18. Similarity if they can by a duly registered document vary the manner in which the mortgagee is to receive the whole of his usufruct. There is prima facie no logical and valid reason why the manner of receipt of the usufruct, should not be varied to the extent corresponding to the amount of the rent named in the lease. If this be so, the fact that there is no interest named in the mortgage-deed or that the amount named is not exactly equivalent to the rent named would be no bar to the applicability to such a case also of the view that I take of this case, namely, that it is merely a case of the principal terms being settled by the mortgage-deed with certain variation as to the manner of receipt of a part of the usufruct superimposed by a duly registered lease.

19. If the view that is here suggested be generally applicable to all such cases in their numerous varieties it may be all to the good, for it is clearly to the interest of the public and of legal practitioners that a general principle should be applicable to such cases and that the decision in any particular case should not depend on the uncertain particular weight which may be attached by a particular Judge to a particular element among the varied circumstances of each case. A broad view of the facts in every case should be taken-compare the remarks of Piggott and Walsh, JJ. in Kadma v. Muhammad Ali AIR 1919 All 435.

20. The Courts are concerned to get at the real intention of the parties, a proposition which has been constantly affirmed, and such intention cannot be discovered and given effect to by holding them bond by some wholly uncontemplated effect of and the acceptance of subtle argument on the use of particular phraseology that may be inevitable in some cases, but if it is possible to found decisions on the basis of a broad principle, it is desirable to do so in the interest of all concerned.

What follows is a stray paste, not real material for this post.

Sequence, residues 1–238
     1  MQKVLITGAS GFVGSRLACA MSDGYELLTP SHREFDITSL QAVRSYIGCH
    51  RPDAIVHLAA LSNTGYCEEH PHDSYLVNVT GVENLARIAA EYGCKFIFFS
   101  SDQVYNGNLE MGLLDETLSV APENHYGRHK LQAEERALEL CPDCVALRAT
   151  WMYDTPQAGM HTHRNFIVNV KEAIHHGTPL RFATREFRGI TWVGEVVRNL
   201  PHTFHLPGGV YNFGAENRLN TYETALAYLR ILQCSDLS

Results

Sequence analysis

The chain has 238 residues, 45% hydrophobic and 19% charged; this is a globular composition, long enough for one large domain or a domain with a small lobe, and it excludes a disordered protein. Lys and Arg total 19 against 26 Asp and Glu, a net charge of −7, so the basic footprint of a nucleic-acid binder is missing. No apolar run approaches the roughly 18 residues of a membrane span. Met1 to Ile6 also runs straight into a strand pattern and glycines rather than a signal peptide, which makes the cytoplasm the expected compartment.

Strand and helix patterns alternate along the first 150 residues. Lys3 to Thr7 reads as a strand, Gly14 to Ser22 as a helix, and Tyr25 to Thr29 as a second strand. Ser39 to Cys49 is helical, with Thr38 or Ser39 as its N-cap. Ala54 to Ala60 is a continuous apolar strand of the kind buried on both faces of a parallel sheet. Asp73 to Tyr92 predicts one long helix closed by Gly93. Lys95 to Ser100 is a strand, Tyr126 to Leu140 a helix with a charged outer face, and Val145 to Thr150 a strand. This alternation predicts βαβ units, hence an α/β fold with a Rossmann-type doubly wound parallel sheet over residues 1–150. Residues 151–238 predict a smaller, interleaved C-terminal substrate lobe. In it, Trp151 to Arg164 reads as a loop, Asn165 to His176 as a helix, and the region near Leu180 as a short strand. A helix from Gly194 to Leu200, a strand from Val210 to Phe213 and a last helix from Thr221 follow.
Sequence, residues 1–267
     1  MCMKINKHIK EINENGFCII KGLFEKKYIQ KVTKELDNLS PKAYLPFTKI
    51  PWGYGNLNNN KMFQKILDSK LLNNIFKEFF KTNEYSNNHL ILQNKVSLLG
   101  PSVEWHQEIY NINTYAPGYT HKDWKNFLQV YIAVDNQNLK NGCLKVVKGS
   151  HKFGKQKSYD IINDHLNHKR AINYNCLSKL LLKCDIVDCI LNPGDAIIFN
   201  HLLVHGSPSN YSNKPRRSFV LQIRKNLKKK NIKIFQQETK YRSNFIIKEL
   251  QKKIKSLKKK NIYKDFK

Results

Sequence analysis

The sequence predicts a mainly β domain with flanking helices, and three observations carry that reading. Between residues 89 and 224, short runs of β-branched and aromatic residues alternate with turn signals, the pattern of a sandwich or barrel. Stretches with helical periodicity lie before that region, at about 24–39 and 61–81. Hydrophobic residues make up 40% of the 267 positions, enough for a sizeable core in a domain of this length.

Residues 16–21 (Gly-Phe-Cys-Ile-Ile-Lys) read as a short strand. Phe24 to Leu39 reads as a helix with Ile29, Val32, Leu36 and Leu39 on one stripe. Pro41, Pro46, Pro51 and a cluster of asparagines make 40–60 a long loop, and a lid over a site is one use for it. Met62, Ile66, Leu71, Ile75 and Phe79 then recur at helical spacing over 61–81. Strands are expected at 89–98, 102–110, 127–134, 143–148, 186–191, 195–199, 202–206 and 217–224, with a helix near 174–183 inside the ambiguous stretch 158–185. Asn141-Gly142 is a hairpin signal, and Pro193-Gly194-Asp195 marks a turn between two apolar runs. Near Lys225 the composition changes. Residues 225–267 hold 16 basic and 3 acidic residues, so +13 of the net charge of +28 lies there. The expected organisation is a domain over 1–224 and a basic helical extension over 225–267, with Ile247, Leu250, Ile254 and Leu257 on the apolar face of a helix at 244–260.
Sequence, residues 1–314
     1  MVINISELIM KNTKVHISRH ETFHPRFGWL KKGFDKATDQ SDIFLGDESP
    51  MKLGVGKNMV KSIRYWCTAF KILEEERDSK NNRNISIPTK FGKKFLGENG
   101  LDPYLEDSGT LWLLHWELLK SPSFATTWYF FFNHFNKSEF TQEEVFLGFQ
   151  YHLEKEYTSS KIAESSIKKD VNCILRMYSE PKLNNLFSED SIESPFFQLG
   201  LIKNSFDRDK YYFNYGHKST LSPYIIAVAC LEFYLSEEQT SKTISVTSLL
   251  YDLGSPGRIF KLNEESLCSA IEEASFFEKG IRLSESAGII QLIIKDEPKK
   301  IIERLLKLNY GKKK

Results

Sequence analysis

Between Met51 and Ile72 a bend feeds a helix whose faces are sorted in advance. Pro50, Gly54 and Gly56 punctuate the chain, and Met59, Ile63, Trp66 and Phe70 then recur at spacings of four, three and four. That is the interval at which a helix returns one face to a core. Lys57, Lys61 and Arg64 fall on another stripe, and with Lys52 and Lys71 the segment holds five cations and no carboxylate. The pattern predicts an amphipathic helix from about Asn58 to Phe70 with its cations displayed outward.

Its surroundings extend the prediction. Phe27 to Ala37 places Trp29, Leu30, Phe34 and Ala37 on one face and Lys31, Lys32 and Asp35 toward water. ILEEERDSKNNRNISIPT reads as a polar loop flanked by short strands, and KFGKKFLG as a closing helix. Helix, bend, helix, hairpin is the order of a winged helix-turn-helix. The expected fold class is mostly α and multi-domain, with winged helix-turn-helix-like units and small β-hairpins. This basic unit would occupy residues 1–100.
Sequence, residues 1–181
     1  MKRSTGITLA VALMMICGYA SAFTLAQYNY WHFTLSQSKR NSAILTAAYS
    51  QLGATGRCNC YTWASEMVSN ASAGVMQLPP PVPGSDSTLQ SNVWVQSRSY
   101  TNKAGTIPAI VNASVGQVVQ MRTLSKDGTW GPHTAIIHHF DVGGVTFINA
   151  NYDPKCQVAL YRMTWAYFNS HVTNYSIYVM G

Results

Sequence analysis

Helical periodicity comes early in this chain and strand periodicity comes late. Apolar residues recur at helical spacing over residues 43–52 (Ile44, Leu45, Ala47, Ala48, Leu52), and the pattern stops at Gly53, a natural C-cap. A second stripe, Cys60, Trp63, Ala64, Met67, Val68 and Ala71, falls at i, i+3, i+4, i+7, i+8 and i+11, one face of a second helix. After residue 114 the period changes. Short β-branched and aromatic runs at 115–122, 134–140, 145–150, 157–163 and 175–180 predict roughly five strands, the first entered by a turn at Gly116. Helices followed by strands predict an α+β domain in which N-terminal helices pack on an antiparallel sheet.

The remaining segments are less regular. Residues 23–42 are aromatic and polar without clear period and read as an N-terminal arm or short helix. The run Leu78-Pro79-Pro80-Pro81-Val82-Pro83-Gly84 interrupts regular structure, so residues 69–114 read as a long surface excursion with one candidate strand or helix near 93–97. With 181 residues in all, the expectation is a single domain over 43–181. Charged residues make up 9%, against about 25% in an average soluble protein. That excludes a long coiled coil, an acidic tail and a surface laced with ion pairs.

21. I have for purposes of convenience employed above the words used in many cases, 'one transaction.' The phrase 'one transaction,' however, suggests to my mind too strongly the idea of the two documents being of even or nearly even date, a condition which, as I have already stated, I do not hold to be essential. I think that in a case like the present the mortgage-deed constituted the principal document which governs the right of the parties and under it the profits or interest would be secured to the mortgagee by his possession and right to collect. When the lease cause into effect, on the same day, as it happens, in this case the right remained the same only with this variation effected by a properly registered document that the lease indicated the mode in which, during the continuance of the lease, the mortgagee was to collect his profits or interest, but there was no alteration in the liability of the property as security for the profits or interest represented and measured by the rent.

22. The broad principle stated above I have outlined only to illustrate my meaning where I have said that in arriving at my finding I am not unduly influenced by any consideration, and that I do not consider the existence or non-existence of any particular element vital to an interpretation of the documents in one way or in another.